Only fully transferable example of a Fabrique Nationale M249 Minimi light machine gun commanded a world-record $602,700; Annie Oakley’s custom-built shotgun hit $258,300
DENVER, Pa. – For its Sept. 5-7, 2023 Firearms & Militaria Auction, Morphy’s rolled out the big guns, from coveted Kentucky rifles to Class 3 machine guns, ultimately closing the books at a resounding $6.34 million. Along the way, the 1,443-lot sale kept collectors engaged, as one historical highlight after another crossed the auction block.
Class 3 weapons – a strictly-controlled group that includes machine guns and requires BATF approval prior to transfer – were led by an iconic Fabrique Nationale M249 Minimi (Squad Automatic Weapon) light machine gun. Serial-numbered “E00037” and widely known to collectors as simply “Number 37,” it is the only fully transferable example of its particular model in the National Firearms Act Registry. The gun’s description in the auction catalog included this important point and added that the gun was accompanied by an original BATF-signed letter confirming its transferability to pre-approved individuals. In near-mint condition, the top prize of the three-day event attracted 21 bids before selling within its estimate range for $602,700. A world-record auction price for the model, it broke the previous machine gun auction record of $480,000 (Morphy Auctions, Nov. 16, 2022).
Thomas B Nelson’s reference book The World’s Submachine Guns (publ. 1963) lists only four “observed” specimens of a 9mm Parabellum Mauser Schnellfeuer Broomhandle machine pistol, a special-order gun introduced in 1932 and known as the “Westinger” model. While the exact number of extant examples of this particular model is not known, there is no argument as to the gun’s extreme rarity. One of the few known survivors was consigned to Morphy’s and presented in superlative original condition with a Mauser logo and other requisite markings. It opened at $15,000 and was bid aggressively to $63,960, well exceeding its high estimate of $40,000. In achieving such a high price, it also set a world auction record for the model.
“We now hold more world-record auction prices for machine guns than all other auction houses combined, with more than ten machine gun models selling individually for prices in excess of $100,000,” said Dan Morphy, president of Morphy Auctions.
The September 5 opening session was dominated by a rare and historical Charles Lancaster Gunsmiths (London) shotgun built for Annie Oakley in 1888 and used by the exhibition-shooting legend during a significant period of her career. The 12-bore double-barreled hammerless model with 28-inch barrels, Serial No. 05970, was gifted to Oakley by Charles Lancaster himself, who reportedly observed the petite sharpshooter at a gun club in England, struggling with a shotgun that appeared too heavy for her. On that occasion, Lancaster offered Oakley advice on wing-shooting and, at a later date, presented her with four shotguns: two 20-bores and two 12-bores. The 12-bore in Morphy’s sale sold for $258,000 and conveyed with a signed 2012 Authentication Certificate from Charles Lancaster Gunmakers Ltd, documenting its history and noting that the shotgun had been made specifically for Oakley.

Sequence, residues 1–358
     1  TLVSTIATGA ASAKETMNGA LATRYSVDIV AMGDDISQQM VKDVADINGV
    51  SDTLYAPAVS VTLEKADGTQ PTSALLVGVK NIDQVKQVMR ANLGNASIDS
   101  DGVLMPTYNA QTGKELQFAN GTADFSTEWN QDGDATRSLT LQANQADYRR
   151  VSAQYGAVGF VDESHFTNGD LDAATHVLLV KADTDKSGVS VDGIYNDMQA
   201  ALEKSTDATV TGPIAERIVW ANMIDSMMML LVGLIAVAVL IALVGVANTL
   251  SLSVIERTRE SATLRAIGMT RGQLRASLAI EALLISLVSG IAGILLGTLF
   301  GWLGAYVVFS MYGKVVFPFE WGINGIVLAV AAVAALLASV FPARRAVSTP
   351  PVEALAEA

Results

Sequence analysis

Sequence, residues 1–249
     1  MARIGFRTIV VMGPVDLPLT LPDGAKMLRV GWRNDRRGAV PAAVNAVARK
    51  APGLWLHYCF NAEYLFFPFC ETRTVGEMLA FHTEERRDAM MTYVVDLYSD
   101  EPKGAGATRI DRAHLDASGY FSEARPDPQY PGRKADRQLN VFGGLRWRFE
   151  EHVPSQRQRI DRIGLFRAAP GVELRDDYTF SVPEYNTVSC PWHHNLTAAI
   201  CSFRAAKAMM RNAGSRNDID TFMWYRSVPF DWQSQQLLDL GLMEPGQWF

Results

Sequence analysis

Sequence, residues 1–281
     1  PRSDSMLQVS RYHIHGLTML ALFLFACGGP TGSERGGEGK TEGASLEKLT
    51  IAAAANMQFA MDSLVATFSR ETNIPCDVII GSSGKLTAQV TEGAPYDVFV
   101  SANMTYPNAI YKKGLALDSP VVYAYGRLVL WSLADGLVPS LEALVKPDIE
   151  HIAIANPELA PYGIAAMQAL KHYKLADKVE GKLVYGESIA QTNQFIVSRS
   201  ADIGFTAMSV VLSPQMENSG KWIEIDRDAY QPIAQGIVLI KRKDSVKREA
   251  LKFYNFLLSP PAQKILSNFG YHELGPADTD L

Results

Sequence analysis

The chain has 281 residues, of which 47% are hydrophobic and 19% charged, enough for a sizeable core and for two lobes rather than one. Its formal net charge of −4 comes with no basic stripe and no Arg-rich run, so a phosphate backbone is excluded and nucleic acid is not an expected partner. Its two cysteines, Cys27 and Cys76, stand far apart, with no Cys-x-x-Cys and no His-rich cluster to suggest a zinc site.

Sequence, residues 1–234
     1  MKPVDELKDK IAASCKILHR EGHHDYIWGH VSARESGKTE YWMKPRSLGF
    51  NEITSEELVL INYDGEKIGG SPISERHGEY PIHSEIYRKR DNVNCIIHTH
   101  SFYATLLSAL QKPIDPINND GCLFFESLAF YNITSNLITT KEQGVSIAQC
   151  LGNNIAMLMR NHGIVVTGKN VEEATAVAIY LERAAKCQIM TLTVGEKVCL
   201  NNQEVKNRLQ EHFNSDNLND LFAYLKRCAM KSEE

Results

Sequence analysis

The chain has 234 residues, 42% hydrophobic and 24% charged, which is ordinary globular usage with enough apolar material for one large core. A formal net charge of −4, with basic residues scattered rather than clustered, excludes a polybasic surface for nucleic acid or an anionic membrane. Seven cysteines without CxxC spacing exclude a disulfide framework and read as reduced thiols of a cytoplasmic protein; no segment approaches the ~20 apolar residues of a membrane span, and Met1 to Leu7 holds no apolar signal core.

A fine relief-carved Berks County, Pennsylvania, flintlock swivel breech Kentucky rifle in .52 rifled caliber with a highly figured tiger-maple stock, came with excellent documentation and provenance that linked its original ownership to a colorful French trader and Indian language interpreter named Francis Duchouquet (1751-1831). The distinctive longarm was featured in a Kentucky Rifle Association educational display in June 2000, and its auction-catalog description noted that it is nearly identical to a rifle from the Joe Kindig Jr. Collection that is pictured in Patrick Hornberger’s reference book Berks County Longrifle & Gunmakers. Most recently part of the Louie Parker Collection, the auction gun sold well above high estimate for $73,800.
Every firearms auction at Morphy’s includes something special for Winchester fans. The September auction featured a Deluxe Winchester Model 1892 takedown lever-action rifle, .32 WCF FFL, that shipped from the factory in 1910. Its provenance included the Ray Bentley Collection and a prior purchase, in 1994, from Warren Lewis. The original receipt from that transaction accompanied the rifle to auction, where is sold for $19,065 against an estimate of $8,000-$12,000.